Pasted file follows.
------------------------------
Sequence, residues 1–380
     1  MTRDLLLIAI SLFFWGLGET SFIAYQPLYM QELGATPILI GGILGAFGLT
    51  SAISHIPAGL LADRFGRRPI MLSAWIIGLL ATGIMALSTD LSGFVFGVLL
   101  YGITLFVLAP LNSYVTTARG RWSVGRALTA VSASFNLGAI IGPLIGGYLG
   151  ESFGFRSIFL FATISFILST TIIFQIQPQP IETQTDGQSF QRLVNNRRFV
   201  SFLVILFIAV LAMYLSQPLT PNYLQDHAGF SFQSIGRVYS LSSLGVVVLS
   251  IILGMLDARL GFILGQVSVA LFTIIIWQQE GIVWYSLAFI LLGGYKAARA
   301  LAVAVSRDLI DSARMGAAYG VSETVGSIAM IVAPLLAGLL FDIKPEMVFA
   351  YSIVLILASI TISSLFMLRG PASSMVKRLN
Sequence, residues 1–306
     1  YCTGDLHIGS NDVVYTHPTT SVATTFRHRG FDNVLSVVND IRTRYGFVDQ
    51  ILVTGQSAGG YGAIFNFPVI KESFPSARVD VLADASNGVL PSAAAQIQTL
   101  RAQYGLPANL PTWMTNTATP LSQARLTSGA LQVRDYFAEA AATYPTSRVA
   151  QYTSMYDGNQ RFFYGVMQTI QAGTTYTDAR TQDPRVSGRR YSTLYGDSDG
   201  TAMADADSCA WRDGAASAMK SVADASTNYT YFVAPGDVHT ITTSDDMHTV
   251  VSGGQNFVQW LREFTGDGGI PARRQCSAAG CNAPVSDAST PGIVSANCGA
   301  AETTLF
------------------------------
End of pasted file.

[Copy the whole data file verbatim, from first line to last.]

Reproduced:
Sequence, residues 1–380
     1  MTRDLLLIAI SLFFWGLGET SFIAYQPLYM QELGATPILI GGILGAFGLT
    51  SAISHIPAGL LADRFGRRPI MLSAWIIGLL ATGIMALSTD LSGFVFGVLL
   101  YGITLFVLAP LNSYVTTARG RWSVGRALTA VSASFNLGAI IGPLIGGYLG
   151  ESFGFRSIFL FATISFILST TIIFQIQPQP IETQTDGQSF QRLVNNRRFV
   201  SFLVILFIAV LAMYLSQPLT PNYLQDHAGF SFQSIGRVYS LSSLGVVVLS
   251  IILGMLDARL GFILGQVSVA LFTIIIWQQE GIVWYSLAFI LLGGYKAARA
   301  LAVAVSRDLI DSARMGAAYG VSETVGSIAM IVAPLLAGLL FDIKPEMVFA
   351  YSIVLILASI TISSLFMLRG PASSMVKRLN
Sequence, residues 1–306
     1  YCTGDLHIGS NDVVYTHPTT SVATTFRHRG FDNVLSVVND IRTRYGFVDQ
    51  ILVTGQSAGG YGAIFNFPVI KESFPSARVD VLADASNGVL PSAAAQIQTL
   101  RAQYGLPANL PTWMTNTATP LSQARLTSGA LQVRDYFAEA AATYPTSRVA
   151  QYTSMYDGNQ RFFYGVMQTI QAGTTYTDAR TQDPRVSGRR YSTLYGDSDG
   201  TAMADADSCA WRDGAASAMK SVADASTNYT YFVAPGDVHT ITTSDDMHTV
   251  VSGGQNFVQW LREFTGDGGI PARRQCSAAG CNAPVSDAST PGIVSANCGA
   301  AETTLF